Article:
Where a company has received an appropriately qualified objection to the merger from its shareholders the company may either reflect the objection in revised terms to the merger or, alternatively, not so reflect them and instead purchase the shares of the objecting shareholders at a Fair Value (in Japanese ‘公正な価格’ or ‘kousei na kakaku’) based on the assets of the company or consideration of all other important factors.  This article discusses litigation around Fair Price in the context of a minority squeeze out while the section on shareholder distributions discusses the tax impact of a company purchasing its own shares.

The agreement of the company is required in order to allow an objecting shareholder to withdraw a demand for the purchase of their shares once the demand has been made (JCL articles 785-6, 797-6).  Note that this is a change from the position under the former Japanese Corporate Law, where no limitation existed over rights to withdraw such a demand.

Demands to purchase share option rights

In principle the holders of Share Option Rights in the Ceasing Company can require the purchase of such rights.  However JCL article 787-1 also allows the allocation of Share Option Rights in the Surviving Company to holders of such rights in the Ceasing Company, with such allocation being reflected in the merger terms.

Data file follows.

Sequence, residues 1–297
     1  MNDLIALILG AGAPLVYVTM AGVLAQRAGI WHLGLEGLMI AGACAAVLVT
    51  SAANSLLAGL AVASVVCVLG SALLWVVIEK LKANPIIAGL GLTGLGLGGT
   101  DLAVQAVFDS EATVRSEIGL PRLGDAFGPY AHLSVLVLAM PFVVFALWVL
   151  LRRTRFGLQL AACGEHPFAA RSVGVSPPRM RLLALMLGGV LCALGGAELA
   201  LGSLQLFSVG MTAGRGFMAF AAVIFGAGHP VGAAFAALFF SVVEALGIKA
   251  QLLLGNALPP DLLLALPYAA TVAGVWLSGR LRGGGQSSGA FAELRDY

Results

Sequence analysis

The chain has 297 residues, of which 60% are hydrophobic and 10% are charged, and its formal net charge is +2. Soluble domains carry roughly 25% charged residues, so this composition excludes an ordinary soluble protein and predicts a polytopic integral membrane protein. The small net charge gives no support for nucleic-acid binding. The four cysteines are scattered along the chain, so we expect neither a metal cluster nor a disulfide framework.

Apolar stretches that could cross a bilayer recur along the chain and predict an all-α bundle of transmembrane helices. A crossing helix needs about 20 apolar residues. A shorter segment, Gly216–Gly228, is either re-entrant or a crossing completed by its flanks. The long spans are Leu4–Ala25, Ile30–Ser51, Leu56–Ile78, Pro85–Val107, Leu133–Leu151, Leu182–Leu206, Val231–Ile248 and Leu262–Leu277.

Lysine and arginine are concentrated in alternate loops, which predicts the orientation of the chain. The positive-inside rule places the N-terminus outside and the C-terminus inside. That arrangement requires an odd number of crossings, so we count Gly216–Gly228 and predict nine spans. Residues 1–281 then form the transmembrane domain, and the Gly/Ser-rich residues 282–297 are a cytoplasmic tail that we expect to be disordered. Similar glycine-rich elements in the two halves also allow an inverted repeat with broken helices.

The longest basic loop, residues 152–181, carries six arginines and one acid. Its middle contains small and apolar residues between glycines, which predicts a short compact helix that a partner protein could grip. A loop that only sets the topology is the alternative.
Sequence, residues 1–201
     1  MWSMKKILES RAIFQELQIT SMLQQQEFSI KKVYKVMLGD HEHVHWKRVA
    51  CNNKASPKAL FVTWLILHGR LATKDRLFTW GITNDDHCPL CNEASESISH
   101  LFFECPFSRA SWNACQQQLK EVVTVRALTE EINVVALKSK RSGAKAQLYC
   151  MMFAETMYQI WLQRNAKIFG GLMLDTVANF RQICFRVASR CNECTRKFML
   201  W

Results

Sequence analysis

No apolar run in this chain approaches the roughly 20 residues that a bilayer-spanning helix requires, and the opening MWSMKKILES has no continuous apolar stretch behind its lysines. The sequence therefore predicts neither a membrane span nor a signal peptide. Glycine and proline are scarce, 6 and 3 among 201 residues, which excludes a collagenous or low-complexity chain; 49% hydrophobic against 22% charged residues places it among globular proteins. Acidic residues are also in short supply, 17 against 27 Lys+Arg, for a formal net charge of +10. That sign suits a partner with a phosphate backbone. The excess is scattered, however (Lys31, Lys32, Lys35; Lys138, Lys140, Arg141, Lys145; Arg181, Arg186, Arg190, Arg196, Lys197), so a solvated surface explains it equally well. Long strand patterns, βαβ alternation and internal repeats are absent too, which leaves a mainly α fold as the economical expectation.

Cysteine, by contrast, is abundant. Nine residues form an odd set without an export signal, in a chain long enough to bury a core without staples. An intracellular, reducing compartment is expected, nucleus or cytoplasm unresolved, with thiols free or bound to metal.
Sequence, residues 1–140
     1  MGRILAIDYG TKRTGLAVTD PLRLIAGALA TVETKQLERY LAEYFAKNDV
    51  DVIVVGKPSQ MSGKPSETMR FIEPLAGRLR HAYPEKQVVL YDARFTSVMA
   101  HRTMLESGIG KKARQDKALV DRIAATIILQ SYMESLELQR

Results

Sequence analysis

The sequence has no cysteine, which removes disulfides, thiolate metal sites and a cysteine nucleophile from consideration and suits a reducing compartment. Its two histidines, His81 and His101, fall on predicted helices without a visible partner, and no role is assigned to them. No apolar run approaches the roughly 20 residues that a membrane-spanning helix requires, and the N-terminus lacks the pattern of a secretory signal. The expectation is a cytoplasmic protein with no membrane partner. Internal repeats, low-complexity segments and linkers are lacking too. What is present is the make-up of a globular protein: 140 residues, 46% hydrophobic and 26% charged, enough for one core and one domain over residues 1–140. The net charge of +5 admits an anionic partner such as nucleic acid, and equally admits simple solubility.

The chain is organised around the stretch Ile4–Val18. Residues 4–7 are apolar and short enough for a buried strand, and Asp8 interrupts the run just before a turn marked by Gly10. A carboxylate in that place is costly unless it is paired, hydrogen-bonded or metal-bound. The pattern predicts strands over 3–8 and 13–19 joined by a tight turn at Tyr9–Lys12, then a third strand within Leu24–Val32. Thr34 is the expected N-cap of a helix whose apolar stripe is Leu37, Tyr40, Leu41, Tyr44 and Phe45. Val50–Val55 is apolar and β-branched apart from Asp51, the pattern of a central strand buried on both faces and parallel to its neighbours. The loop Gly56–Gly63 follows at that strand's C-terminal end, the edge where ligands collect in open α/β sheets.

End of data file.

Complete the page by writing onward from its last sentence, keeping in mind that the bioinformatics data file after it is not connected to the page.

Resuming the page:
The Ceasing Company has to make a Public Announcement or give Notification to holders of its Share Option Rights concerning the merger at least twenty days prior to the day of the merger under JPL articles 787-3, 4 and objecting holders of such rights can require their purchase in the period 20 days prior to the merger day up to the date prior to the merger day (JCL articles 787-5).   The Ceasing Company is required to pay a Fair Price for such rights and, as is the case for shares, once a demand for their purchase has been made it cannot be withdrawn without the agreement of the Ceasing Company.

Procedures relating to employees and workers

In a merger, unlike in a corporate split, all of the employment contracts and hence rights of workers at the Ceasing Company carry over to the Surviving Company.  Hence a merger does not include any special procedure for the protection of worker rights.